He didn't really say it, did he? Willie Taggart?
Not only did he say it, he believes it.
"We're trying to create a national identity here," Taggart told CBSSports.com this week. "I'm one of those guys, in order for us to go where we want to go, we have to win this game."
Win? This game? Taggart has to understand that if his team comes out of Saturday's contest at Bryant-Denny without any broken limbs it should be considered a victory. Alabama scored more touchdowns last week against Michigan (five) than the number of years Western Kentucky has in FBS (four).
Still, Taggart says this is a must-win.
"I believe in destiny," he said.
That's because he's already lived it. I called Taggart after his "baloney" comment not only because it was amusing, it carried significant weight -- and maybe some foreshadowing. You see, Taggart has watched the baloney being sliced.
Five years ago, he was Jim Harbaugh's running backs coach, intimately involved in Stanford's 24-23 upset over USC. In some way, it was responsible for him getting his current job. That result was the biggest upset of all time in terms of point spread. No. 2 USC was favored by 41 points.
'Bama is favored by 40. You have been warned, even by Nick Saban.
Before the ball is kicked, Taggart already has won the press conference. You probably wouldn't see Saban blowing up this week unless the Hilltoppers' coach had called Alabama, "the next expansion team in the NFL."
"They'll be that 33rd team in the NFL," Taggart said. "They are loaded. Sometimes you look at some of those guys and say, 'That's not fair.' "
Saban blamed the local media. He should have blamed a rising 45-year-old star in Bowling Green, Ky., for outcoaching him -- during game week.
Without that Stanford result, Taggart wouldn't be quoted as much this week. Without it, there may have been a shrink or two interested in a free consultation. But as an accomplished assistant (Stanford and Western Kentucky) and former Hilltoppers quarterback (1995-98) with his jersey retired, he isn't taking us for a ride. He hopes to take his team for a ride to a bowl game.
Western Kentucky (7-5) was one of two bowl-eligible teams not to play in the postseason last year. A lot of that has to do with Western Kentucky being Western Kentucky. But if the Hilltoppers show well the next two weekends -- they go to Kentucky on Sept. 15 -- compete in the Sun Belt, they won't be unknown.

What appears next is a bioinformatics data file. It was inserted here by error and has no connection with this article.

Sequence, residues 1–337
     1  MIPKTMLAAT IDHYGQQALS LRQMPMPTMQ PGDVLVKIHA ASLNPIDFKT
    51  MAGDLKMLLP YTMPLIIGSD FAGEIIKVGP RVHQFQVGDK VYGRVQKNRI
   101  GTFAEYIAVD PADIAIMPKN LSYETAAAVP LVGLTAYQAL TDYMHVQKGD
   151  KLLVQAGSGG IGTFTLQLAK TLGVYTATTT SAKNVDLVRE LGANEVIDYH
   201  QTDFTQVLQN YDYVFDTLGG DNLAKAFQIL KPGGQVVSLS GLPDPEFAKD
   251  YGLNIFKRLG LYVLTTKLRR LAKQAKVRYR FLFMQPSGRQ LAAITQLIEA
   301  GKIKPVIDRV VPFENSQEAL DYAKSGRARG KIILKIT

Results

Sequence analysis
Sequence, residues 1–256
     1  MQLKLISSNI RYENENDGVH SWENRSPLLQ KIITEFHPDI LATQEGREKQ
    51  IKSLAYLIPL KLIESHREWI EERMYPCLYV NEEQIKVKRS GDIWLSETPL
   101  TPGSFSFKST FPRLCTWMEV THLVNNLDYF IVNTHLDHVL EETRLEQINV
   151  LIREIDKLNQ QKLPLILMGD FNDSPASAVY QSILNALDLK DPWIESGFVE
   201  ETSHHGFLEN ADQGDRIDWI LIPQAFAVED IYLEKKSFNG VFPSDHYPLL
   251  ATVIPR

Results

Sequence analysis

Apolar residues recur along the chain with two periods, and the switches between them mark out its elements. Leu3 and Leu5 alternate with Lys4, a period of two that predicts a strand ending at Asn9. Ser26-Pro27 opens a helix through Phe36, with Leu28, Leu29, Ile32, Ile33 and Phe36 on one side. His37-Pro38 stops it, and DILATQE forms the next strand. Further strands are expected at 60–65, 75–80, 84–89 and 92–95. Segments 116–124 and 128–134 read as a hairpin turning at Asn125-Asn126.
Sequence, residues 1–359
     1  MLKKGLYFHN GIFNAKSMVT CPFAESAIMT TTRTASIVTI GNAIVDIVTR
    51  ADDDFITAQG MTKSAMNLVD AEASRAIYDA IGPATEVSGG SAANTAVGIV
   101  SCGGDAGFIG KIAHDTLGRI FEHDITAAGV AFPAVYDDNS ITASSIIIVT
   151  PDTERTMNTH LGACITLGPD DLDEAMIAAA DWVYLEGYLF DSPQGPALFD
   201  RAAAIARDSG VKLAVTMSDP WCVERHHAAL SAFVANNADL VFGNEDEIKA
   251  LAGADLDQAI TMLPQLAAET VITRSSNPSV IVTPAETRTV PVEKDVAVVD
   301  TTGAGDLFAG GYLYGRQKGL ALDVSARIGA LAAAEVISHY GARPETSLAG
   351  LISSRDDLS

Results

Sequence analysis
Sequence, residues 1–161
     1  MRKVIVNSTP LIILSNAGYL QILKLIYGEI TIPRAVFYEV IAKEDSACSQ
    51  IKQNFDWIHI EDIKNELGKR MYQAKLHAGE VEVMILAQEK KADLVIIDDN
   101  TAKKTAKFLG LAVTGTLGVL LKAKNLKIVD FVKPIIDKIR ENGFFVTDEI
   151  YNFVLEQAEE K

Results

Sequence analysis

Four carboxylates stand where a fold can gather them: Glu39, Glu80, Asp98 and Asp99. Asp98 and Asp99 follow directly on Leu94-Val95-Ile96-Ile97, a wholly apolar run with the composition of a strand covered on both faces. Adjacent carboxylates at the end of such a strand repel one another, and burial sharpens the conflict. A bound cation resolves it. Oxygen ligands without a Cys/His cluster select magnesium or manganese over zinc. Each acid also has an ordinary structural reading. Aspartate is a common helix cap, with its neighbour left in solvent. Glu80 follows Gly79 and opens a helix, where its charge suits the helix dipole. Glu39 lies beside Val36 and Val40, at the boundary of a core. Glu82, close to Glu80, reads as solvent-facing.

Taggart is making sure of it.
"We got snubbed from being in a bowl game but we didn't make any excuses," the coach said. "That's what we have to do, become a dominant team in Sun Belt. If we go play well, we can make these bowl executives think twice."
AD Todd Stewart said: "From a notoriety standpoint, we'll have more eyeballs on us than we will the rest of the year. Exposure of that magnitude is difficult to come by."
Playing up is a hazardous habit in the Sun Belt. Schools have to do it to balance the budget. The trip to Tuscaloosa (4½ hours by bus) will earn the Hilltoppers $1 million. That's a sizable amount for any program but critical to one with a $5.5 million budget. This is Western Kentucky's second consecutive season playing a top-ranked SEC school on the road. It trailed LSU only 14-7 at the half before losing 42-9.
Someday soon, Taggart is going to have a BCS job. In three seasons he already has had three different players named to various levels of All-American teams. You may have heard of Bobby Rainey, now in the NFL, who finished third nationally in rushing in 2010.
"We've always preached that we're not going out to play to our competition level," Taggart said. "We're not going out to compete up or compete down. Alabama happens to be defending national champs. Once you start playing up or down, you end up being the same average team."
Not these guys. Until further notice, they are a team of destiny.